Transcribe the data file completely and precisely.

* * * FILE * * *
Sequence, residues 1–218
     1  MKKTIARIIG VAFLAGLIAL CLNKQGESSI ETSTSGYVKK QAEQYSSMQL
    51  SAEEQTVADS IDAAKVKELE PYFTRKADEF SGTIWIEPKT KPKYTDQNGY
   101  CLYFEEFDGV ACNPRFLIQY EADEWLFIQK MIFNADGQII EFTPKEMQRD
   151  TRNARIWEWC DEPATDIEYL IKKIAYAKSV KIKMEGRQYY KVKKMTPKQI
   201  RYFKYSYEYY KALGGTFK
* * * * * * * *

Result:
Sequence, residues 1–218
     1  MKKTIARIIG VAFLAGLIAL CLNKQGESSI ETSTSGYVKK QAEQYSSMQL
    51  SAEEQTVADS IDAAKVKELE PYFTRKADEF SGTIWIEPKT KPKYTDQNGY
   101  CLYFEEFDGV ACNPRFLIQY EADEWLFIQK MIFNADGQII EFTPKEMQRD
   151  TRNARIWEWC DEPATDIEYL IKKIAYAKSV KIKMEGRQYY KVKKMTPKQI
   201  RYFKYSYEYY KALGGTFK